Deutsche Bank reported Wednesday its seventh consecutive quarterly profit, but warned that the current environment is “challenging” and “cost pressures have intensified.”
The German lender said net profit reached 1.06 billion euros ($1.13 billion) in the first quarter of the year. Analysts had forecast a figure of 1.01 billion euros for the three-month period, according to data from Refinitiv.
“Deutsche Bank is more stable and resilient than it has been for many years. Our figures for the first quarter demonstrate this clearly,” CEO Christian Sewing said in a letter to staff Wednesday. But the German bank noted in its earnings report that the outlook for this year was challenging.
“Despite the uncertainties associated with the war in Ukraine and the remaining challenges associated with the COVID-19 pandemic, we intend to continue executing our strategy in a disciplined manner focusing on improving sustainable profitability by growing revenues in our Core Bank while remaining disciplined on costs and capital; however, the current environment is increasingly challenging, and cost pressures have intensified,” the bank said.
Surging inflation and how central banks might react to that has rattled markets recently, and caused significant uncertainty for businesses including banks. A sudden change in monetary policy could impact banks’ performances.
James von Moltke, chief financial officer of Deutsche Bank, told CNBC’s Annette Weisbach: “It’s a wall of worries at the moment.”
“There’s a number of different features out there and of course the war in Ukraine dominates because it dominates the news, but it shouldn’t overshadow that there are still some pressures whether supply chains, the Chinese reaction to Covid and other features,” he said.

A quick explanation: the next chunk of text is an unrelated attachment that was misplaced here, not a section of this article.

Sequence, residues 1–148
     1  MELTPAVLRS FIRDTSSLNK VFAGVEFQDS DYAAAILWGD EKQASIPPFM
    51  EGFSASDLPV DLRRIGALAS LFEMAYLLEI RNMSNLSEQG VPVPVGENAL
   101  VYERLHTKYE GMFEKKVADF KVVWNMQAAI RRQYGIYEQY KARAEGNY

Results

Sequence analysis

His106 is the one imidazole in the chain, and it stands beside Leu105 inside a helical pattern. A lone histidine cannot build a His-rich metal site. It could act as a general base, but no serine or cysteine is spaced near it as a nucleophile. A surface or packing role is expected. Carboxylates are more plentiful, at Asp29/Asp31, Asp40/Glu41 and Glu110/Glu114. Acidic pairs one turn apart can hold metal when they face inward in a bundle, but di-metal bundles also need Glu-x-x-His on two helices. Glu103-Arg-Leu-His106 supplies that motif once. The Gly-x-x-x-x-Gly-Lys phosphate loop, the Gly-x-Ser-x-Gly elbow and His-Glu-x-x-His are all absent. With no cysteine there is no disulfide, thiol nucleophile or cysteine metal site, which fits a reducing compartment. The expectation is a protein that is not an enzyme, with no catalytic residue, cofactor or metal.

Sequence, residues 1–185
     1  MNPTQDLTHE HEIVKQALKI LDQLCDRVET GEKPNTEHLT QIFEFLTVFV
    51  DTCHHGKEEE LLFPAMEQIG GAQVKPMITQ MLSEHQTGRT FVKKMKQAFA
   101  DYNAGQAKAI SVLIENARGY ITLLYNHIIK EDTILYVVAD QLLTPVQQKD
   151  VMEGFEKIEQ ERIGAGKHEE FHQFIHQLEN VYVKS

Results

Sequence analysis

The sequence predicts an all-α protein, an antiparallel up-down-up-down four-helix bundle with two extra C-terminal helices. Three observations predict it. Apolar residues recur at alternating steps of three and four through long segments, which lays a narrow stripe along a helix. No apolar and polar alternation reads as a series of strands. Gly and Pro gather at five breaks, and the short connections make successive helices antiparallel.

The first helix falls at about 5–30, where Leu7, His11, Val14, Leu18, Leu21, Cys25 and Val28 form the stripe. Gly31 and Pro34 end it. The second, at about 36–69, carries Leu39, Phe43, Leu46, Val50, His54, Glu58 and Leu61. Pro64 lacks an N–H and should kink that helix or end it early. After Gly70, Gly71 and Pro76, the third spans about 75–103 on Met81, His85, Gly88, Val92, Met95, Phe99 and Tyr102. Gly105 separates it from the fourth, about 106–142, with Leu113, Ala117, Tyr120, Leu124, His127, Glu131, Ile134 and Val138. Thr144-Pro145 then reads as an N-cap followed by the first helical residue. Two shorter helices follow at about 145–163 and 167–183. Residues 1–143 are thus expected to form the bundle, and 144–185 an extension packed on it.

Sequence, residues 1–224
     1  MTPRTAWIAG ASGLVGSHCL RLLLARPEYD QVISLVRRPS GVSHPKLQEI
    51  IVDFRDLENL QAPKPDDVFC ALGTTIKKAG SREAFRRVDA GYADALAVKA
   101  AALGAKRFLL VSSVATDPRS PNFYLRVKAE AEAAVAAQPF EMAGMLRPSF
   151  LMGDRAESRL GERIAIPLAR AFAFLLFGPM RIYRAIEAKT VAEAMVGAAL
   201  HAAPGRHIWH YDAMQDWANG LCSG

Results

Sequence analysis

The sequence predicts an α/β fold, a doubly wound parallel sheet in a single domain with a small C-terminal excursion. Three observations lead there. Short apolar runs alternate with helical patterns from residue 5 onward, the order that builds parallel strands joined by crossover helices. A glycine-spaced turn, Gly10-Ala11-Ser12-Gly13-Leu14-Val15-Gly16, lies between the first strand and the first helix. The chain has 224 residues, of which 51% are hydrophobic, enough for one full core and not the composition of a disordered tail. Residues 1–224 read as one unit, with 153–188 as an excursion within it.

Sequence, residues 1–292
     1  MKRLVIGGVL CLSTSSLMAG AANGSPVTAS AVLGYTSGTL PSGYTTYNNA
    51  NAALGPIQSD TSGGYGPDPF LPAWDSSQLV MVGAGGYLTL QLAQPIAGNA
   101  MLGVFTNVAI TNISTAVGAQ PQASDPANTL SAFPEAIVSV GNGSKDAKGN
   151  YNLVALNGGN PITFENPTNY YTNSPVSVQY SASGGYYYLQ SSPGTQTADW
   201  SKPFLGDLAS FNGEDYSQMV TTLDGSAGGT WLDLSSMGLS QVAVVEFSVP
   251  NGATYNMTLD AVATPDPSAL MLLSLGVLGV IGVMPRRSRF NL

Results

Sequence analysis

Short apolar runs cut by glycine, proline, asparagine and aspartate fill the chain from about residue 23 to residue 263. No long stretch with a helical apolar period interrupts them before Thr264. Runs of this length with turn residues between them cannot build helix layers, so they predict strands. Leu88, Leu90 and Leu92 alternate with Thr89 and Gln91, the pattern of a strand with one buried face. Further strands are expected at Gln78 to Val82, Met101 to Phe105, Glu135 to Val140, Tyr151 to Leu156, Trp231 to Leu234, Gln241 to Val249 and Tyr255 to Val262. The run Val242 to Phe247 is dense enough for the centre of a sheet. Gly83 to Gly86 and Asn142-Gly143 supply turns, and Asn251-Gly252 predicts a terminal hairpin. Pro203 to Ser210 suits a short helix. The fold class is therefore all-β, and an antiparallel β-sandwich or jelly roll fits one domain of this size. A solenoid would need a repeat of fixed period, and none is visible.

Other data highlights for the quarter:
- Revenues rose 1% from a year ago to 7.33 billion euros.
- Provision from credit losses stood at 292 million euros, compared to 69 million euros a year ago.
- CET 1 capital ratio, a measure of bank solvency, stood at 12.8% down from 13.7% a year ago.
All of Deutsche Bank’s divisions posted better performances compared to a year ago. In investment banking, fixed income and currencies reported that revenues were higher by 15%.
Commenting on the results, von Moltke added that “these trends are likely continue into the second quarter.”
“There’s still uncertainty in the financial markets and some volatility out there, our goal is to support our clients in this environment,” he said.
On Mar. 11, Deutsche Bank said it would wind down its Russia operations — a major U-turn compared to its initial stance as war broke out in Ukraine. The German bank said it was joining a host of international peers in exiting the country in response to its invasion of Ukraine and resultant operational restrictions.
As such, Deutsche Bank said it cut its exposure to Russia during the first quarter. Gross loan exposure was reduced by 5% to 1.3 billion euros and net loan exposure decreased 21% to 0.5 billion euros during the quarter. It also said that it is “unreservedly implementing” western sanctions against Russia.
The German lender surprised markets at the end of 2021 with a profit of 145 million euros when investors had estimated a net loss for the last quarter of the year.
Shares moved 5% lower in early European trade Wednesday.